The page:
After the transaction was announced, stockholders sued the Company’s directors, alleging that they breached their fiduciary duties in connection with the transaction and that the Schedule 14D-9 filed in connection with the deal was materially misleading, including in its description of the Berrys’ relationship and communications with Apollo during the sale process. Vice Chancellor Glasscock disagreed and granted the defendants’ motion to dismiss, holding that the Schedule 14D-9 contained no material omissions, and that the business judgment rule therefore applied under the Delaware Supreme Court’s holding in Corwin v. KKR Financial Holdings, 125 A.3d 304 (Del. 2015). Vice Chancellor Glasscock’s core holdings were that “the facts regarding Berry’s involvement with Apollo were disclosed” and the plaintiff’s conclusion “that the auction was a sham [was] not supported by the record.”
The Delaware Supreme Court reversed that dismissal,2 holding that when compared to documents obtained through the plaintiff’s pre-suit Section 220 demand, the Schedule 14D-9 contained material omissions regarding, among other things, the extent of the Berrys’ commitment to partner with Apollo on a proposed transaction and Ray Berry’s statements to the General Counsel and the Board on that topic. The Supreme Court concluded that the Schedule 14D-9 omitted facts that were material because “they would have shed light on the depth of the Berrys’ commitment to Apollo, the extent of Ray Berry’s and Apollo’s pressure on the Board, and the degree that this influence may have impacted the structure of [the] sale process.” Following the Supreme Court’s decision, the parties conducted extensive discovery and, eight months later, the plaintiff filed an amended complaint, which added numerous additional defendants, including the Company’s outside legal and financial advisors, the Company’s General Counsel, and Apollo. All defendants moved to dismiss.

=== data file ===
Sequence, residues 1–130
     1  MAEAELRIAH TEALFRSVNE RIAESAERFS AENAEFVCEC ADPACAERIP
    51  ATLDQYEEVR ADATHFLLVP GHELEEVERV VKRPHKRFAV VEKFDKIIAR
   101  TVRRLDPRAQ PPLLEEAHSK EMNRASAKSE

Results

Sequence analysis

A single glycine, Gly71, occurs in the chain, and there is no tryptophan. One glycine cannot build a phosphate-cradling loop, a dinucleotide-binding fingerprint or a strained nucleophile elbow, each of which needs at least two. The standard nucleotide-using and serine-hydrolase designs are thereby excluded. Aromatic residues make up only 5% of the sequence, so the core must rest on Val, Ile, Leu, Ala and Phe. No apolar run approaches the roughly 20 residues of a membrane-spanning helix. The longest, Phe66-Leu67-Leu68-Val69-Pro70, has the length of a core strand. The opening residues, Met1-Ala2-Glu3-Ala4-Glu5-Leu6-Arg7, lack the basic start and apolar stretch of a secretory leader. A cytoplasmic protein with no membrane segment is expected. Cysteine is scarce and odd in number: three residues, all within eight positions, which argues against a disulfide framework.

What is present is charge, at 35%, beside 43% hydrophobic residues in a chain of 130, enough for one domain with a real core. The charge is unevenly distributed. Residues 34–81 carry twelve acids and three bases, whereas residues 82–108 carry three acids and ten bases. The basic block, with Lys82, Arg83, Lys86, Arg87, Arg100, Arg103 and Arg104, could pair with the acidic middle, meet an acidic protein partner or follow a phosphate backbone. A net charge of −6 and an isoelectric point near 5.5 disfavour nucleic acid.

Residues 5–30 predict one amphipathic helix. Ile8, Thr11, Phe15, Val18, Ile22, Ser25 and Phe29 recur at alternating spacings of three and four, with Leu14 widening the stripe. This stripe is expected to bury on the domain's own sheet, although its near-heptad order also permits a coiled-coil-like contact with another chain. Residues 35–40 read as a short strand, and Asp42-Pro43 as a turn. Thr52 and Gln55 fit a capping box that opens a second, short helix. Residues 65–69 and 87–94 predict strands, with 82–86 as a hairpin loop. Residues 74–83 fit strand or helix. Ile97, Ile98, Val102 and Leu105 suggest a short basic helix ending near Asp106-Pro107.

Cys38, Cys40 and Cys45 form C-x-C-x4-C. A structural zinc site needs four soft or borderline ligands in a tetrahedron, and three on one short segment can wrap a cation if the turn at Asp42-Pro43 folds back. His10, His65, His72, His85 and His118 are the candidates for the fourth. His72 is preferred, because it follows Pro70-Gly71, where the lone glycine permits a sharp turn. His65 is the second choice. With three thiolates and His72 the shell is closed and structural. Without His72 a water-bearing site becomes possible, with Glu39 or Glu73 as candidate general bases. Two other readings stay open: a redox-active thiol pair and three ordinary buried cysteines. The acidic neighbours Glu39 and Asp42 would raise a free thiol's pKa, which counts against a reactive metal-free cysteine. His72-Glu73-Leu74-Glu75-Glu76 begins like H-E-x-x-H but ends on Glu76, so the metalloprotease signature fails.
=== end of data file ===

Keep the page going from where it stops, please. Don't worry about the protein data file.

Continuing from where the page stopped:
The Chancery Court’s Latest Decision